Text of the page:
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Breast Self-Exam 101

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www.breastcancer.org

 

October is Breast Cancer Awareness Month and the reminders are everywhere. Pink ribbons and their products have lined clothes and store shelves. Commercials have even made it television, reminding women to do a Breast Self-Exam and to text their friends about it! Yet, many women still have not done a Breast Self-Exam (BSE) this month. Many of those who have, aren’t even sure they did it properly. With Breast Cancer affecting about 13% of women in the United States, Breast Self-Exams are more important than ever before. Deaths from breast cancer have dropped since the 1990’s, but still, no cure.

According to Breastcancer.org, self breast exams are still a necessity every month for early detection. Breast Cancer made its way into the lives of about 13% of women in the United States in 2008 and early detection has saved many of these lives.

Five simple steps to a Breast Self-Exam:

1. Breast self-exams should be done a few days after a period is finished. Start by standing in front of a mirror with hands on hips. Look for swelling, dimpling, bulging of the skin or puckering. Changes in the nipple or the area surrounding, redness, soreness swelling or rash should be reported to your doctor.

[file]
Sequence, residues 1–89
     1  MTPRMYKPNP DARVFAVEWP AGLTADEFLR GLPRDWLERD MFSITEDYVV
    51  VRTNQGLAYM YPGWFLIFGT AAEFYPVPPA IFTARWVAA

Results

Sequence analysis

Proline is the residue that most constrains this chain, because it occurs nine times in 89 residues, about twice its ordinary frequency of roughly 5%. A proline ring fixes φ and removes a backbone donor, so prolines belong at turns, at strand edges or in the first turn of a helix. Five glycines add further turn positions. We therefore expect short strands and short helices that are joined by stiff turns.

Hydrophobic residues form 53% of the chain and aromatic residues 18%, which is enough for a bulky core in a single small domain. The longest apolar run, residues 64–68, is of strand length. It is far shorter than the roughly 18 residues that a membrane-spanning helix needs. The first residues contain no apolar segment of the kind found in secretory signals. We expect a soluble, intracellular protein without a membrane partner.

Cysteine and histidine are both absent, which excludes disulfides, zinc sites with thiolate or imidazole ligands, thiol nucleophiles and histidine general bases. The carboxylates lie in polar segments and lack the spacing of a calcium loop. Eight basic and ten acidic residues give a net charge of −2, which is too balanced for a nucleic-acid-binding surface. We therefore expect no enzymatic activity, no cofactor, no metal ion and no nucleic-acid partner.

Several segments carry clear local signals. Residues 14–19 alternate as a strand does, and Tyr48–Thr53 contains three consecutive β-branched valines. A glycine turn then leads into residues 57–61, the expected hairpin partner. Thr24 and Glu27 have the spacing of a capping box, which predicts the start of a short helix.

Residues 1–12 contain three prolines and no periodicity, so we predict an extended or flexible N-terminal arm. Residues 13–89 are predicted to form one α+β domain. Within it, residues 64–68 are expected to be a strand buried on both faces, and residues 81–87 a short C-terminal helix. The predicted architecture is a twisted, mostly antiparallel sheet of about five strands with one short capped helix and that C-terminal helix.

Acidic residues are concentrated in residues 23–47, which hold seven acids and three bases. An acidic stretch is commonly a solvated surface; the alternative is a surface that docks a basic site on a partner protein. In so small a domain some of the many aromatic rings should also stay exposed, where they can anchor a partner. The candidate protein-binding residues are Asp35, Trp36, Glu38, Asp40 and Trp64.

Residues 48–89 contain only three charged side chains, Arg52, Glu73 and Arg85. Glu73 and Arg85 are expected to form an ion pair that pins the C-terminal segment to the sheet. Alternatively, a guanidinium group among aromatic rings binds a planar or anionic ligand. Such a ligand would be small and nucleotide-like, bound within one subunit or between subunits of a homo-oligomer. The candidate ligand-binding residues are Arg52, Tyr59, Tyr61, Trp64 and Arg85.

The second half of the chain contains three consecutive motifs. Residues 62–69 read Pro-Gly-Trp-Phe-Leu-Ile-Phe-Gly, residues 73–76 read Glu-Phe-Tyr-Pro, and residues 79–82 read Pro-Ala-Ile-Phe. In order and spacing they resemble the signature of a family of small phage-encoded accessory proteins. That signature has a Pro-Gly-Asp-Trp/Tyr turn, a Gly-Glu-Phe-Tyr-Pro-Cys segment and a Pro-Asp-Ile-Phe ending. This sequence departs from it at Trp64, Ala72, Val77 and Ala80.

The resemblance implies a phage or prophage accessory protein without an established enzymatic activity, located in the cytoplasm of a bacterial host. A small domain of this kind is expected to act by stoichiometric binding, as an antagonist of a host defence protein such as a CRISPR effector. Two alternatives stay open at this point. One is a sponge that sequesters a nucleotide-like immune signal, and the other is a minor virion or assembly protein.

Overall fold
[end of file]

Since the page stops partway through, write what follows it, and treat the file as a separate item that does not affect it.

2. Looking for the same types of changes, raise arms over hear and clasp hands.

3. Look for bleeding, discharge, fluid of any kind coming out of the nipples.

4. Next, while laying down, one arm behind your head, use the opposite hand, fingers together, make circular motions about the size of a quarter. Do this over the entire breast from top to bottom and right to left. Move in a circular motion until the entire area and outer area of the breast has been examined.

5. Since many women find it easier to find a lump while wet, doing step four in the shower may help as well.

If after doing these steps, you find a lump or an area that just doesn’t feel “right”, call your doctor to make an appointment immediately. Teen girls should also be taught the BSE following their first menstrual cycle to ensure they know how their breast should feel and would be able to identify something that isn’t right with their body.

Comments

  • Melanie 4 years ago

    Thx for the reminder! I lost a co-worker that was 45 yrs. young!! RIP Sue...